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Old 2019-06-18, 13:30   #474
ATH
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Yes, you do 21723 mod q and 22447 mod q and see if you get 1.
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Old 2019-06-18, 14:24   #475
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Default Another possible method of factoring by q

Factors of 2^p-1 for p prime are in the form q=2*k*p+1 for some non-negative integer k.

Initialisation/Initialization
Step 1. For each prime p on the interval [pmin, pmax], we find the smallest q>=qmin such that 2p divides q-1, and push the corresponding tuple (q, p) into a priority queue.

Main logic
Step 2: Retrieve and pop the smallest (q, p) tuple out of the priority queue. To optimise, we check if a small prime (say at most m) divides q by computing q mod m# and precomputing a list of possible remainders mod m#. Check if q divides 2^p-1. If it does, output the corresponding (q, p). Insert (q+2p, p) inside the priority queue.

This avoids the trial factoring step. As Gerbicz pointed out, pmin should be at least 10^6 since exponents with factoring done have been deeply trial factored and/or ECMed.

If I have made a mistake, please correct me.

Last fiddled with by 2M215856352p1 on 2019-06-18 at 14:25
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Old 2019-06-18, 14:46   #476
LaurV
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Where is the difference to "by p", except that your method is much MUCH slower?
This is what GIMPS does, except that each p has "its own queue" and "there is no physical queue".

The issue is that your method tests (almost) all k's and most of them no need to be tested at all (ex: k=2 mod 4 should never be tested, also k=p mod 4 should not be tested, etc).

Last fiddled with by LaurV on 2019-06-18 at 14:49
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Old 2019-06-18, 15:03   #477
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Quote:
Originally Posted by DukeBG View Post
Um, you don't need to divide that. You just calculate the ModPow (with all the speed improvements). Unless that is what you implied?
Right, for novices reading here, it's good you point that out. Long division is not the method of trial of a factor candidate. Raising 2 to the p power, mod the candidate factor along the way, is. It's far faster since it keeps the operands limited to dozens of bits in size, rather than thousands or millions or hundreds of millions. If 2p mod f is 1, 2p-1 mod f is zero and f is shown to be a factor of 2p-1.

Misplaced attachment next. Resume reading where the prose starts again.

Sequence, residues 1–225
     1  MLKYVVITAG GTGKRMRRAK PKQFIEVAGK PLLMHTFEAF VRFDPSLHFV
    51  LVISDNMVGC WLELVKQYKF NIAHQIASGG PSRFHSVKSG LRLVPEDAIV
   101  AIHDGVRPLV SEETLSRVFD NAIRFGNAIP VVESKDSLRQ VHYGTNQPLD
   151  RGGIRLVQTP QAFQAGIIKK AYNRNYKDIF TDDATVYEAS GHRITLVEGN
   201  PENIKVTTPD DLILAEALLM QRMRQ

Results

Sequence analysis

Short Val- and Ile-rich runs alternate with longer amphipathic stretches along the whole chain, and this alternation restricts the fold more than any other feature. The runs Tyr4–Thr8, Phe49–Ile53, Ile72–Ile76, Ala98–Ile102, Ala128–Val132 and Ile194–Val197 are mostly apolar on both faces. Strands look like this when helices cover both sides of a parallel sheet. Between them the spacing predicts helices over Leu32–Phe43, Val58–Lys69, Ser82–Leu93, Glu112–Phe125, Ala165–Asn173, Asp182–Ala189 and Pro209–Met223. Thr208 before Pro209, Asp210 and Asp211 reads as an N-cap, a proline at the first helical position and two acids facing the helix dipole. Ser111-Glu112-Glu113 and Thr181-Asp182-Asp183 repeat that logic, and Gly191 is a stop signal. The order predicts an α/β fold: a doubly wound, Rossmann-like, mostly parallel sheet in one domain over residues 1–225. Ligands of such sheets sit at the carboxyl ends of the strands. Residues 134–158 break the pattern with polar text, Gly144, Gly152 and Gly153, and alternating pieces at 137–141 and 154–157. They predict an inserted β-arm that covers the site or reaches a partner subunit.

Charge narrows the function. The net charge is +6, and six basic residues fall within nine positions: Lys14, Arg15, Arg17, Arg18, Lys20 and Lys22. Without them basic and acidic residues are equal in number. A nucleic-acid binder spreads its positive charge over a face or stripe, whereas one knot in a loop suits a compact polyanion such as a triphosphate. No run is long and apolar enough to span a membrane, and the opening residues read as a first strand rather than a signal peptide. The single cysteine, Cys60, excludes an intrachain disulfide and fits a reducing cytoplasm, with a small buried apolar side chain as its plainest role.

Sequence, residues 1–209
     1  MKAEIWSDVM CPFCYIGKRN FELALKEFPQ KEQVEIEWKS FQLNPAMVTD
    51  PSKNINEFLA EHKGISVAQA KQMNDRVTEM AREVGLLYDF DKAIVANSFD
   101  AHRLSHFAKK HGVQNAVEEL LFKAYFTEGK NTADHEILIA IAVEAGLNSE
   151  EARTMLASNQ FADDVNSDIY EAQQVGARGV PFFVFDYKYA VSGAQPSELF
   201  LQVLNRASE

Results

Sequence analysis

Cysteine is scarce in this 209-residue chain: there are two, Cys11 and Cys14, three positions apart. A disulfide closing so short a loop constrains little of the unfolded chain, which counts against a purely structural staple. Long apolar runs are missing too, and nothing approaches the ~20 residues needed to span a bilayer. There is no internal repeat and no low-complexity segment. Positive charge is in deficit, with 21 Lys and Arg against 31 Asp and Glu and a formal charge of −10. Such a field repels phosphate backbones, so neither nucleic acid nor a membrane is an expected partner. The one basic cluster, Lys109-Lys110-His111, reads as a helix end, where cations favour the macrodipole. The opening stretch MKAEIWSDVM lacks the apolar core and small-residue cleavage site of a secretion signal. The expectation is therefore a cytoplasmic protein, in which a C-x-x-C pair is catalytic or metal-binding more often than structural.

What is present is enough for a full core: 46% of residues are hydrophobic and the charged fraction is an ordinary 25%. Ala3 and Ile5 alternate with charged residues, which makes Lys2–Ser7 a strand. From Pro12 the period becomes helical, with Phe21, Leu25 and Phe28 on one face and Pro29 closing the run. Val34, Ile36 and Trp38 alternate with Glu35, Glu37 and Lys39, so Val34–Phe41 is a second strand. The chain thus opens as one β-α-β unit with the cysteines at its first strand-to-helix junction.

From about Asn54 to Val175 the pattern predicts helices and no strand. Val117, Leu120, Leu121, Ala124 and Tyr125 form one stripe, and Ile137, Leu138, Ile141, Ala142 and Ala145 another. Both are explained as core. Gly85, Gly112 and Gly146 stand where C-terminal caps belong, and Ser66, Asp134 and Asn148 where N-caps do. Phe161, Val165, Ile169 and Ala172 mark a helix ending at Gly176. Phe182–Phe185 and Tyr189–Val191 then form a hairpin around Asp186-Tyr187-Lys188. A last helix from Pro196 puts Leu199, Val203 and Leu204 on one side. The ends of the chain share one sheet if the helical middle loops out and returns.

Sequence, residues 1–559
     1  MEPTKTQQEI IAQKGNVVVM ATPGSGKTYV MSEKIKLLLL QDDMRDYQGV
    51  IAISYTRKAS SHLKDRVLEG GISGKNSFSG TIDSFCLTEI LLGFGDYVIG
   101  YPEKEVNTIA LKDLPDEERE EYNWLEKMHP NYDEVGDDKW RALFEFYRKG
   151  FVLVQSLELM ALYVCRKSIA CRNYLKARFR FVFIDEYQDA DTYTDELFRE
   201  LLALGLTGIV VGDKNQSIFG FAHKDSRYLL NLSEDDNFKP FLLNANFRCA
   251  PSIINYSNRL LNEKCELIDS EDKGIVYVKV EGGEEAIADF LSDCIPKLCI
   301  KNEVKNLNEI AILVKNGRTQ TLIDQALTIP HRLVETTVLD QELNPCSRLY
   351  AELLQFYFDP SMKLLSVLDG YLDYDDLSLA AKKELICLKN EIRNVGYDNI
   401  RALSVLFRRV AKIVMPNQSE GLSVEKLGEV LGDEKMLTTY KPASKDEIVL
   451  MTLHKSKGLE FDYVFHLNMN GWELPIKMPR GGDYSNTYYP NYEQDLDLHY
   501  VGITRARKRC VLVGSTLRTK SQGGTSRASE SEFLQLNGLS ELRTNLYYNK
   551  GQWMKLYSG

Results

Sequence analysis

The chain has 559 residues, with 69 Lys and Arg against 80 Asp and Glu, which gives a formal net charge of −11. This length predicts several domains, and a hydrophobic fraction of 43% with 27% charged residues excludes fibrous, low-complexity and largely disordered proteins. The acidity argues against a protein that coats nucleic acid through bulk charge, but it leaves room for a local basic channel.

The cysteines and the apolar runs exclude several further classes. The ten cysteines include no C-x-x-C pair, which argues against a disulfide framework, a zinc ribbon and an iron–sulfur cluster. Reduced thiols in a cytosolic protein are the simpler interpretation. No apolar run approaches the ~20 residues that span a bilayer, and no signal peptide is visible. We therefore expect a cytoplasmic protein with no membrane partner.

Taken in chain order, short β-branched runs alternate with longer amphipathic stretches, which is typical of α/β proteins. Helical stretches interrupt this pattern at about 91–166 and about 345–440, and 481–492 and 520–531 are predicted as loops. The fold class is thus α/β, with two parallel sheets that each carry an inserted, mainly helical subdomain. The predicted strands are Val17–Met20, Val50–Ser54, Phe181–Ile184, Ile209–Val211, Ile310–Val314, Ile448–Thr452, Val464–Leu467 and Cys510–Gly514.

ATH's descriptions should be understood as simplified overviews. There's quite a lot to the by-p method used in mfaktc, mfakto, and elsewhere. See https://www.mersenneforum.org/showpo...23&postcount=6

Last fiddled with by kriesel on 2019-06-18 at 15:17
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Old 2019-06-18, 15:14   #478
retina
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Quote:
Originally Posted by kriesel View Post
Raising 2 to the p power, mod the candidate factor along the way, is. It's far faster since it keeps the operands limited to dozens of bits in size, rather than thousands or millions or hundreds of millions. If 2p mod f is 1, 2p-1 mod f is zero and f is shown to be a factor of 2p-1.
Long division would always shift in a new '1' bit at each step, so we don't need to store the entire number. The reason is not the size of the operands, but because there is a simple method that allows us to do powers in many fewer steps than it would take if we did naive division.

Last fiddled with by retina on 2019-06-18 at 15:14
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Old 2019-06-18, 15:58   #479
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Quote:
Originally Posted by LaurV View Post